Risk assessments are at the core of any organisation’s ISO 27001 certification and compliance project. They are essential for ensuring that your Information Security Management System (ISMS) is relevant to your organisation’s needs. Below is a brief introduction of what you need to know.

What is an information security risk assessment?

The processes of information security risk assessment are  identifying, resolving and preventing security problems.

You identify the risks in your organisation and risk assess. This will often be asset based, whereby risks are assessed relative to your information assets. This will be conducted across the organisation.

ISO 27001 is explicit in requiring that a risk management process be used to review and confirm security controls in light of regulatory, legal and contractual obligations.

The next step is to conduct an ISO 27001 risk assessment.

Below are steps that simplify the process:

1. Define your risk assessment methodology. 
ISO 27001 does not prescribe a specific risk assessment methodology. Choosing the correct methodology for your organisation is essential in order to define the rules by which you will perform the risk assessment. The methodology needs to address four issues: baseline security criteria, risk scale, risk appetite, and a scenario-based or asset-based risk assessment.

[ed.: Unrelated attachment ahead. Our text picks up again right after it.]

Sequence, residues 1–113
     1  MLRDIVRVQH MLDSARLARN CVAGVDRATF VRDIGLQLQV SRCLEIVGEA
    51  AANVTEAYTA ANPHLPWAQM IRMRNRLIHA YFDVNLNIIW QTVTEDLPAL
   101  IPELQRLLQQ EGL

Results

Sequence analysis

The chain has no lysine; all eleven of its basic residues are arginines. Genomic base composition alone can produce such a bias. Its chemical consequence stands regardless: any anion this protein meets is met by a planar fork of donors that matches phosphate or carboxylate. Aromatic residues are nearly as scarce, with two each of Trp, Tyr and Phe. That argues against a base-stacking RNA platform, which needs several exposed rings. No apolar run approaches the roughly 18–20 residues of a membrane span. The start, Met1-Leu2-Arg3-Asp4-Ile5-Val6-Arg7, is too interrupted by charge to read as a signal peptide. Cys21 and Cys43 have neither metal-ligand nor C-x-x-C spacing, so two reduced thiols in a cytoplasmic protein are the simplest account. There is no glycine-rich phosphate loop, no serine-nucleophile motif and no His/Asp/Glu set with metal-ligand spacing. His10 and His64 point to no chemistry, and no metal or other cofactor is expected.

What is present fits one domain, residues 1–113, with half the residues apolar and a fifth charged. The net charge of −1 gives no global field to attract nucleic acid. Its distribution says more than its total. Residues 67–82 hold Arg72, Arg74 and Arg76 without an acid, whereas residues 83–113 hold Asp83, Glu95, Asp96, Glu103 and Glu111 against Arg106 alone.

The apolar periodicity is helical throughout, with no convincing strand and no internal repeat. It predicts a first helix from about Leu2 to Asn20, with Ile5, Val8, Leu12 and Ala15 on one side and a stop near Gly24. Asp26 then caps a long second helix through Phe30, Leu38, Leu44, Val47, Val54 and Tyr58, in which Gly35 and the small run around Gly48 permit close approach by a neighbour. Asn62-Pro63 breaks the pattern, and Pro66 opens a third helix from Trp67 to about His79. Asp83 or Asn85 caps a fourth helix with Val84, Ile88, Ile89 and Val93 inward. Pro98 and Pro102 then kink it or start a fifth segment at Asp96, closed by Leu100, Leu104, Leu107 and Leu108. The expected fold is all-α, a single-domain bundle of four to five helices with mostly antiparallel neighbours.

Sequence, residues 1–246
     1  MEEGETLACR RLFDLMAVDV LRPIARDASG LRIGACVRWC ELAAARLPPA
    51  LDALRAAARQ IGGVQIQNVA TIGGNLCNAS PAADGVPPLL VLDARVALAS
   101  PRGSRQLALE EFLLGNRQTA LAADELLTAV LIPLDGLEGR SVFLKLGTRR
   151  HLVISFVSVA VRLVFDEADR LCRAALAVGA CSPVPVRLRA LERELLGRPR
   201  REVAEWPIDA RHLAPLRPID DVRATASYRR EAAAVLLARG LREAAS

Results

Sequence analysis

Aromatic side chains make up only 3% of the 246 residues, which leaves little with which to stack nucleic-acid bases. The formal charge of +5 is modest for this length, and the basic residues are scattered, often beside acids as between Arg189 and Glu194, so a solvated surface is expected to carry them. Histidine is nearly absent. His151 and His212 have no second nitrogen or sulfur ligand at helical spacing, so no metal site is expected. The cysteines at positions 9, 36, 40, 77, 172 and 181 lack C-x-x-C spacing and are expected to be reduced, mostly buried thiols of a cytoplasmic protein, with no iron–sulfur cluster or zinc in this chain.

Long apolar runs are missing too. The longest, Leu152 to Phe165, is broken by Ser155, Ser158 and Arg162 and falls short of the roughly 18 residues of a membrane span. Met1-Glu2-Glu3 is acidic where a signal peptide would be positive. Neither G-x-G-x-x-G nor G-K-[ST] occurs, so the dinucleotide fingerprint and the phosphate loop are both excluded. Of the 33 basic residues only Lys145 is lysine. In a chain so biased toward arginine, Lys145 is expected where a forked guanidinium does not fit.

2. Compile a list of your information assets.
If opting for an asset-based risk assessment, you should work from an existing list of information assets, which includes hard copies of information, electronic files, removable media, mobile devices and intangibles, such as intellectual property.

3. Identify threats and vulnerabilities
Identify threats and vulnerabilities that apply to each asset. For example, the threat could be ‘theft of mobile device’.

4. Qualify the extent of the risk.
Assign impact and likelihood values of the risk occurring.

5. Mitigate the risks to reduce them to an agreed and acceptable level.
ISO 27001 suggest four ways to treat risks: ‘Terminate’ the risk by eliminating it entirely, ‘treat’ the risk by applying security controls, ‘transfer’ the risk to a third party, or ‘tolerate’ the risk.

6. Compile risk reports
ISO 27001 requires your organisation to produce a set of reports for audit and certification purposes, the most important being the SoA (Statement of Applicability) and the RTP (risk treatment plan).

7. Review, monitor and audit.
ISO 27001 requires your organisation to continually review, update and improve the ISMS to make sure it is working optimally and adjusts to the constantly changing threat environment.